All you need to know about SNUBA

by Female Abroad

I have always wanted to go scuba diving, but I felt that, due to getting swimmer's ear quite easily as a child, I would probably have an issue trying to regulate ear pressure, so when I was SNUBA, I thought it was a great opportunity to try the closest thing to diving.

What is SNUBA?

For this experience, you are attached to a tube through your mouthpiece that connects to an oxygen tank that floats at the surface. Due to this, SNUBA® is a brilliant fusion of scuba diving and snorkeling, allowing people to experience the best of the underwater environment. In a manner, it serves as a transition from snorkeling to scuba diving without having to go into the deep end too soon. An important thing to note, however, is that despite the fact that SNUBA is similar to diving, it cannot be regarded as SCUBA diving training. Some people think that this seamless transition helps them mentally get ready for scuba diving, so they start with SNUBA before getting their PADI. However, SNUBA does not have to be used to work before getting your diving certificate, as it works well on its own and gives you the chance to view much more than you would on a regular snorkeling tour.

How is SNUBA different from snorkeling?

With the convenience of a breathing device, SNUBA enables you to dive deeper and experience more so you don't have to swim to the surface as soon as you run out of breath nor do you have to stay at the surface to keep breathing. There is also an added a layer of safety by allowing participants to fully immerse themselves in the experience and swim around freely while still being attached to the raft.

Important thing to note: Basic swimming abilities are necessary because SNUBA® dives take you about 20 feet down, it helps to feel at ease in the water. You do not have to go down to the bottom of the ocean nor the full length of your tube.

How safe is SNUBA?

Depending on how you book your SNUBA trip, they may do things a little different, but they will all have the a certified instructor or guide that will brief you on:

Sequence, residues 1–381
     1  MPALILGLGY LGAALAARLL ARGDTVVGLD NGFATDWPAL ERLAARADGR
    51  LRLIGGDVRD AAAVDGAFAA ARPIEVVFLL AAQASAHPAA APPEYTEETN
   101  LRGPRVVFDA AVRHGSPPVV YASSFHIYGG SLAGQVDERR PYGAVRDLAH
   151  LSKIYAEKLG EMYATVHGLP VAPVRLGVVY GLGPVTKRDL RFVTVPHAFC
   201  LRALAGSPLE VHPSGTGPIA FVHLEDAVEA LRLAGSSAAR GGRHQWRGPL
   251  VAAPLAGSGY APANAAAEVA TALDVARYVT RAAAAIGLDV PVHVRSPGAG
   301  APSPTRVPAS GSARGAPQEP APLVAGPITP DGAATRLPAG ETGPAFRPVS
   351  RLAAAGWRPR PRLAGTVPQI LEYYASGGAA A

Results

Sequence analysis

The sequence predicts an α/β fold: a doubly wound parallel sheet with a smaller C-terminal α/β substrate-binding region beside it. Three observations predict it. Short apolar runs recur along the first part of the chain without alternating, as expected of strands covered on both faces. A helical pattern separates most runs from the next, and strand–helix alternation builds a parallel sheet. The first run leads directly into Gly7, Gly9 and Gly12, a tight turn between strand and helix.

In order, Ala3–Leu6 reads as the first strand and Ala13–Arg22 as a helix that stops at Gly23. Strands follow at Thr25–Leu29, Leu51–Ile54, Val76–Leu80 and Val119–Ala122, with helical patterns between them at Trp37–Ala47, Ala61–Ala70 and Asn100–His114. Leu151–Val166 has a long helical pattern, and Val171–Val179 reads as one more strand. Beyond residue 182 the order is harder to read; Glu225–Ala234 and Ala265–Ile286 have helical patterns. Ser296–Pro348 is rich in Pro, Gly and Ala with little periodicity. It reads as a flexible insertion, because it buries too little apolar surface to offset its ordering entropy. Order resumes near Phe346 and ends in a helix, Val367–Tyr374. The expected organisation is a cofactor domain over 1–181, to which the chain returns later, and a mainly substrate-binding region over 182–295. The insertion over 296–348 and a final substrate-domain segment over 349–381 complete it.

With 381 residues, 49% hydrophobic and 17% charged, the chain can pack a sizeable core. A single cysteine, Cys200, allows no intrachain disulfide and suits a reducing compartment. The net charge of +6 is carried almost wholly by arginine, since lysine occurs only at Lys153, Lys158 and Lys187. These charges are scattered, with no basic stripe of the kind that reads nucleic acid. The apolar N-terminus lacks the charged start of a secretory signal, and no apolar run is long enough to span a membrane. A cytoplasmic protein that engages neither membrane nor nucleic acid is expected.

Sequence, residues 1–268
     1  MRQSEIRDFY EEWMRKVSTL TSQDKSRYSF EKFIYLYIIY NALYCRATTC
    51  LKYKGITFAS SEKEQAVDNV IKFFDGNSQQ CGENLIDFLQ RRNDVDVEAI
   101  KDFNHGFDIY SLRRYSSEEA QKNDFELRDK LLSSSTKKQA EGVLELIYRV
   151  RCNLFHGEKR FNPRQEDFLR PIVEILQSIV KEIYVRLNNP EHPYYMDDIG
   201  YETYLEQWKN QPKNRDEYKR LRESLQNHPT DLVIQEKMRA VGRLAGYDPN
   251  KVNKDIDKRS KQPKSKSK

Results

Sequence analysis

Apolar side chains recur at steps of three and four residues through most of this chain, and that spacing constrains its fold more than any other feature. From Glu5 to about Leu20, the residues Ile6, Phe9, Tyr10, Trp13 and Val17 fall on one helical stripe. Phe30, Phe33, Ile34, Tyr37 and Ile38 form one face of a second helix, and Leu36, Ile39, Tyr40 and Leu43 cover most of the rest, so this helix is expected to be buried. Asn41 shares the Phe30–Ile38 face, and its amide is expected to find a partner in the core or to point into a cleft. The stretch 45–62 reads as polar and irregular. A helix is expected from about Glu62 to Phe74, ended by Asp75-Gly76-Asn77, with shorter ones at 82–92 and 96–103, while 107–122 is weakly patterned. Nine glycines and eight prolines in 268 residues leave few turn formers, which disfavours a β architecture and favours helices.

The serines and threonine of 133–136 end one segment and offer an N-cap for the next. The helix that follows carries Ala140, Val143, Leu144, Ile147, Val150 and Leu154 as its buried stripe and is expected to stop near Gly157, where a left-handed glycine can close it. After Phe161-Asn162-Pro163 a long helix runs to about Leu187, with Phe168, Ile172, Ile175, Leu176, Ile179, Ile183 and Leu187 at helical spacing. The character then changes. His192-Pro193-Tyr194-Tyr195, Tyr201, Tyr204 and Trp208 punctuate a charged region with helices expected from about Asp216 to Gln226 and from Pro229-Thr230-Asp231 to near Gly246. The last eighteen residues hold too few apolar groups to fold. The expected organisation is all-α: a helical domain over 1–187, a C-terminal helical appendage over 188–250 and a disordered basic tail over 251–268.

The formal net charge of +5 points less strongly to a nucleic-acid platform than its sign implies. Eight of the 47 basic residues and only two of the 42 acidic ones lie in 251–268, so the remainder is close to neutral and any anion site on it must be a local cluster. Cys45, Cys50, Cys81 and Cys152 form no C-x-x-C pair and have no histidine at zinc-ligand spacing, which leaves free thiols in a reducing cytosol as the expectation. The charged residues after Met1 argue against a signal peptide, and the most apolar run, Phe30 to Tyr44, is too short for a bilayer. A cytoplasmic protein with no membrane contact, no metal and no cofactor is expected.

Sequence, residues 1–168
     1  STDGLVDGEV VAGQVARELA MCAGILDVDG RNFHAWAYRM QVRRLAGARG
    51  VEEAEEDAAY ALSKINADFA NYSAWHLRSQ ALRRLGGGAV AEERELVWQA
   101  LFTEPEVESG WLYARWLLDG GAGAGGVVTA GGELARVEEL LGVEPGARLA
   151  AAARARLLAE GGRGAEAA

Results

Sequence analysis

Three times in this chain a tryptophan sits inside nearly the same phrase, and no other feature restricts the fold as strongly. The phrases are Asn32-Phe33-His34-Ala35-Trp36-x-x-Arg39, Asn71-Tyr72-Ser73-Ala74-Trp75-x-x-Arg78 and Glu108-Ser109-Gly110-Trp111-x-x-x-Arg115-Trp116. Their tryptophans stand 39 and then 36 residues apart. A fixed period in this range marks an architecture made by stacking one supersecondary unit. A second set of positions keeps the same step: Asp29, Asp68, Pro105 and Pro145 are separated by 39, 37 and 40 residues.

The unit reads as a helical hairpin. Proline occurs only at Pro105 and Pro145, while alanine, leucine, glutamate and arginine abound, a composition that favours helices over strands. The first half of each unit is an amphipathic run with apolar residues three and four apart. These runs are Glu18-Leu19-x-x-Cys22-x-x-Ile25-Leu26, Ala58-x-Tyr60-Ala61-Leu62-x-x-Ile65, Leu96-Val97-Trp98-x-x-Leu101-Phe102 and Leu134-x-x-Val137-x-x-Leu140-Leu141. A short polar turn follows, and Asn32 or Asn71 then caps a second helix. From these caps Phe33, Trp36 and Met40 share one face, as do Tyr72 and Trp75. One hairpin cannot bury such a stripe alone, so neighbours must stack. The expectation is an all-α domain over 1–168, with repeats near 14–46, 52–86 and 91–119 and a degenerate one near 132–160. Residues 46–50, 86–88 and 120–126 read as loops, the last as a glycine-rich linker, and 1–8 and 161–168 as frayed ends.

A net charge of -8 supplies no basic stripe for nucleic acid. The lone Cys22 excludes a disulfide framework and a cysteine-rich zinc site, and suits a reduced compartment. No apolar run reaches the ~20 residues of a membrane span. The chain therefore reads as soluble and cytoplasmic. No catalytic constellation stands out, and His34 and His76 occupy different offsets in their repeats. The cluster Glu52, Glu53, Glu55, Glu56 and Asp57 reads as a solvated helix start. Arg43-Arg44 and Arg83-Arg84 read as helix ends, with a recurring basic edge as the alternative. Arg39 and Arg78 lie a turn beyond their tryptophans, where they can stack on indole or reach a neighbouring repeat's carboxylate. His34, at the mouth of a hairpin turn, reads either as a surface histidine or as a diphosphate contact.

1. hand signals to use while in the water
  2. either on the beach or boat, will help get your gear fitting properly.
  3. Once in the water, the instructor will practice breathing
  4. explain how to pop or equalize your ears while descending
  5. how to clear your mask.
  6. how to clear your regulator if it falls out
  7. fit you with a weighted belt to make diving easier
  8. the sea life you can expect to see in the area
  9. usually "do not" items like touching sea life, coral, ascending / descending too quickly

Equipment Provided & What to Bring

Equipment provided by your tour:

  1. Diving Mask
  2. Fins
  3. Weight belt - optional
  4. Regulator which is connected to a tube
  5. Raft - this is where your air tanks will be floating
  6. some excursion groups may provide drinks like water or juice

What you will need to bring:

  1. Swimwear
  2. Towel
  3. Change of clothes
  4. Waterproof camera
  5. Watershoes - optional
  6. Flip flops - if you will be going on a boat and don't have watershoes
  7. Reef safe sunscreen / lotion
  8. Cash for tips

Remember to leave items you do not want to lose at your accommodation (i.e. jewelry)